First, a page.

Diagnostic Characteristics: Most similar to BOTRYCHIUM MINGANENSE and B. LINEARE, which also have relatively narrow, widely spaced pinnae. Distinguished from B. MINGANENSE by having a sterile frond segment with smaller, narrower, more dissected, and usually fewer pinnae, a more fleshier axis, and smaller spores, which reflect a lower chromosome number. Distinguished from B. LINEARE by having a sterile frond segment with a fleshier, broader axis and usually somewhat wider pinnae, and by having a fleshier, shorter fertile frond segment.
Palustrine Habitat(s): Riparian
Terrestrial Habitat(s): Barrens, Forest Edge, Forest/Woodland, Grassland/herbaceous, Sand/dune, Savanna, Shrubland/chaparral, Woodland - Conifer, Woodland - Mixed
Habitat Comments: Occurs primarily on well-drained dry-to-mesic soils in sunlit, non-forested habitats at low elevations (ca. 300-1500m), although it may grow under shrubs in or at the margins of these habitats. Habitats include lightly vegetated Great Lakes sand dunes, often under shrubs of Juniperus communis; short- to mid-grass prairies and fields on limestone (often shallow-soil glades), glacial moraines, glacial till, and hills of glacial loess, either in the open prairie or under native shrubs such as Cornus around the margin; moist meadows in the valley zones of the Northwest; open-canopied Juniperus virginiana-Populus deltoides riparian forest, semi-shady mixed deciduous and Pinus ponderosa forest, and Pinus ponderosa savanna on sandy soils; grassy railroad sidings and ditches; and sparsely vegetated mineral soil. Within prairies and fields, appears to prefer dry, gravelly, exposed areas, such as north-facing hillsides. Less associated with disturbance than many moonwort species; does not need direct sunlight and can compete in somewhat dense prairie vegetation. However, habitats usually feature considerable open surface through which spores can access mineral soil. Associated species include Schizachyrium scoparium, Astragalus crassicarpus, and Amorpha canescens. 50 - 1500 m.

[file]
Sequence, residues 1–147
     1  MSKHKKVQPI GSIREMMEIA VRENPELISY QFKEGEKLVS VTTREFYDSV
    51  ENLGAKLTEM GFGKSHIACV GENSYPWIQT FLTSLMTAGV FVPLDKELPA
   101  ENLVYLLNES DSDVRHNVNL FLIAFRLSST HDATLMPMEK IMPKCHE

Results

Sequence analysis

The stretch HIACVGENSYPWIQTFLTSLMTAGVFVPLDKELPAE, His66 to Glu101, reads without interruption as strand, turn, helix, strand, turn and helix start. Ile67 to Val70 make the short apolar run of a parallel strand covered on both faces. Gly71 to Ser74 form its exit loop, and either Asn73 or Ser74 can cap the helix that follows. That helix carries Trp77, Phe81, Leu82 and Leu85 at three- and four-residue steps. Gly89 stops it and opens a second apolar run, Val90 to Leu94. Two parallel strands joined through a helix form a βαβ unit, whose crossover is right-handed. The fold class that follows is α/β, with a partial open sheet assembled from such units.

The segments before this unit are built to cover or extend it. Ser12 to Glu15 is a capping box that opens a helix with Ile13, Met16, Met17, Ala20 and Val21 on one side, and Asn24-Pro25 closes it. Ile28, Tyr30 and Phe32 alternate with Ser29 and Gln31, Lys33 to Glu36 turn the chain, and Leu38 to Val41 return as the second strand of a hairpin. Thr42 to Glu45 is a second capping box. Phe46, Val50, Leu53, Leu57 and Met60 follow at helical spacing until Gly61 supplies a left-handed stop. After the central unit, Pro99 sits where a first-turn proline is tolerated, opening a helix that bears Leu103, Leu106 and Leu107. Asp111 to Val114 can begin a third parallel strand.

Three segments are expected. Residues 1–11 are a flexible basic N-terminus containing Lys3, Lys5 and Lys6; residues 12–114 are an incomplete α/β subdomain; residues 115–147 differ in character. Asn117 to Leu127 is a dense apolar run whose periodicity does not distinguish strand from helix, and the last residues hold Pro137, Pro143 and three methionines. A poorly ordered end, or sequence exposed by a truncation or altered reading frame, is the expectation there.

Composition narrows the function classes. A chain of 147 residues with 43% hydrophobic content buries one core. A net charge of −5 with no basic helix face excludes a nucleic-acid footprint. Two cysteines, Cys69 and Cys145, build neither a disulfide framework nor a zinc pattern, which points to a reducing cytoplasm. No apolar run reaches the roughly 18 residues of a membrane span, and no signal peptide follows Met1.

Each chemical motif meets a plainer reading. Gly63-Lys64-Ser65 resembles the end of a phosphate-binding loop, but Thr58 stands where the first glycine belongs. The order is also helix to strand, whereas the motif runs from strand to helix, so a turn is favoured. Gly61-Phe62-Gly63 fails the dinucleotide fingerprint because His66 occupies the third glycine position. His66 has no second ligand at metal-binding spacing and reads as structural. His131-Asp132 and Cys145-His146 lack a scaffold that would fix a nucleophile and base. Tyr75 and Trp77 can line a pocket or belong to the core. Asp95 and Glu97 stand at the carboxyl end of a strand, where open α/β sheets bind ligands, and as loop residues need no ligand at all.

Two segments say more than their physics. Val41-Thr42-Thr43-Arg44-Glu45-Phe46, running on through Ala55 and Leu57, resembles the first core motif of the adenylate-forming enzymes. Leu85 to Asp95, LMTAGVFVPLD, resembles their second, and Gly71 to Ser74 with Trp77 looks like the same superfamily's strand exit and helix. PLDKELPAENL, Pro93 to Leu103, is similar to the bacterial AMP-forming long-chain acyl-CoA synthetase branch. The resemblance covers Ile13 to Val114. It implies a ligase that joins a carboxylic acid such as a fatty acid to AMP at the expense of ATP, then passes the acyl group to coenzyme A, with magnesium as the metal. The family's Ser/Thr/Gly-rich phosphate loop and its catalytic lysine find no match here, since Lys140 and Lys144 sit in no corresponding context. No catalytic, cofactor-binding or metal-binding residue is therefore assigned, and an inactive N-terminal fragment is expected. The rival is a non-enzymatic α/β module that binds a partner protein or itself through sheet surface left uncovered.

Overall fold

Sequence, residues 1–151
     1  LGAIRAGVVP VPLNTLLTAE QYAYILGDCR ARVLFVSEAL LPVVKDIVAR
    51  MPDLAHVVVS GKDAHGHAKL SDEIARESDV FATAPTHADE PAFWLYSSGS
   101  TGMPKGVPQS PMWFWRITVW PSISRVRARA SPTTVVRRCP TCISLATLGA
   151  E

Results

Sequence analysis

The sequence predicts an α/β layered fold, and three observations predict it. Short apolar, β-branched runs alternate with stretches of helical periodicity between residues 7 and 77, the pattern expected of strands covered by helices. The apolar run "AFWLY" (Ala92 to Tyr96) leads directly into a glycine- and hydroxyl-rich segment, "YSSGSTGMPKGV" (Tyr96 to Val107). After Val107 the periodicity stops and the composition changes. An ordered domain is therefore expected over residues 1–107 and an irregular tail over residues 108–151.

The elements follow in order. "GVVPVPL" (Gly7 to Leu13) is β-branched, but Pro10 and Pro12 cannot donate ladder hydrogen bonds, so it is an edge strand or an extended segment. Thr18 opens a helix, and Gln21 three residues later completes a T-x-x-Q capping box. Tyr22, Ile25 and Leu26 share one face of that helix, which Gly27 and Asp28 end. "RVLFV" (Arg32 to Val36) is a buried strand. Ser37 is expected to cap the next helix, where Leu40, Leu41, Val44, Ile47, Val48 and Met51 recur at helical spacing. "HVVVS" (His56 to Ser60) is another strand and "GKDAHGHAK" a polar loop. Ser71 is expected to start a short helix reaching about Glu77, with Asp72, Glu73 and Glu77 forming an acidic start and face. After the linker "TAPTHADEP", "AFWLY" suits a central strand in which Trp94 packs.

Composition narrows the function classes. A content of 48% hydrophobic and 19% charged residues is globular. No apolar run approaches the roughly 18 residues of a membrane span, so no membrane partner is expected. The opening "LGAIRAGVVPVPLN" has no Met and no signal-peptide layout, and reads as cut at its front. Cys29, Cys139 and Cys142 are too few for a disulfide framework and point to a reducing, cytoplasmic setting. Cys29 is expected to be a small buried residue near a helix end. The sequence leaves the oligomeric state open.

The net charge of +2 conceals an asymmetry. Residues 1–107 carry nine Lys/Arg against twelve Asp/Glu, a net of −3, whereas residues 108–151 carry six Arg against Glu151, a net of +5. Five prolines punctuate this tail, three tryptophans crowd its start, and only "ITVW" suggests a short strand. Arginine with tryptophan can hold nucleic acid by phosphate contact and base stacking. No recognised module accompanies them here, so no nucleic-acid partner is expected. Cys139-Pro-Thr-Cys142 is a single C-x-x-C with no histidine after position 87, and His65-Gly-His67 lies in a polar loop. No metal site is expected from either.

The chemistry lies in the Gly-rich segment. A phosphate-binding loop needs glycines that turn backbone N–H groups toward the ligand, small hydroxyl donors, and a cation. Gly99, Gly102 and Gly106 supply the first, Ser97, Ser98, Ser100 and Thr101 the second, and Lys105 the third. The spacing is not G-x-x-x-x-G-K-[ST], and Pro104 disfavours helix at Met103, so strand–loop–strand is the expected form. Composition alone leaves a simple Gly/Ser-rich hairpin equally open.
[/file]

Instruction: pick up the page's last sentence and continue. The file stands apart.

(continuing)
Economic Attributes Not yet assessed
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Management Summary Not yet assessed
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Population/Occurrence Delineation Not yet assessed
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Population/Occurrence Viability
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U.S. Invasive Species Impact Rank (I-Rank) Not yet assessed
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Authors/Contributors
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NatureServe Conservation Status Factors Edition Date: 28Apr1995
NatureServe Conservation Status Factors Author: K. Crowley, MRO; rev. M. Anions (2008)
Element Ecology & Life History Edition Date: 06Oct1997
Element Ecology & Life History Author(s): KAJ

Botanical data developed by NatureServe and its network of natural heritage programs (see Local Programs), The North Carolina Botanical Garden, and other contributors and cooperators (see Sources).

References
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  • Williston, P. 2001. The Botrychium of Alberta. Alberta Natural Heritage Information Centre, Edmonton, Alberta. 57p.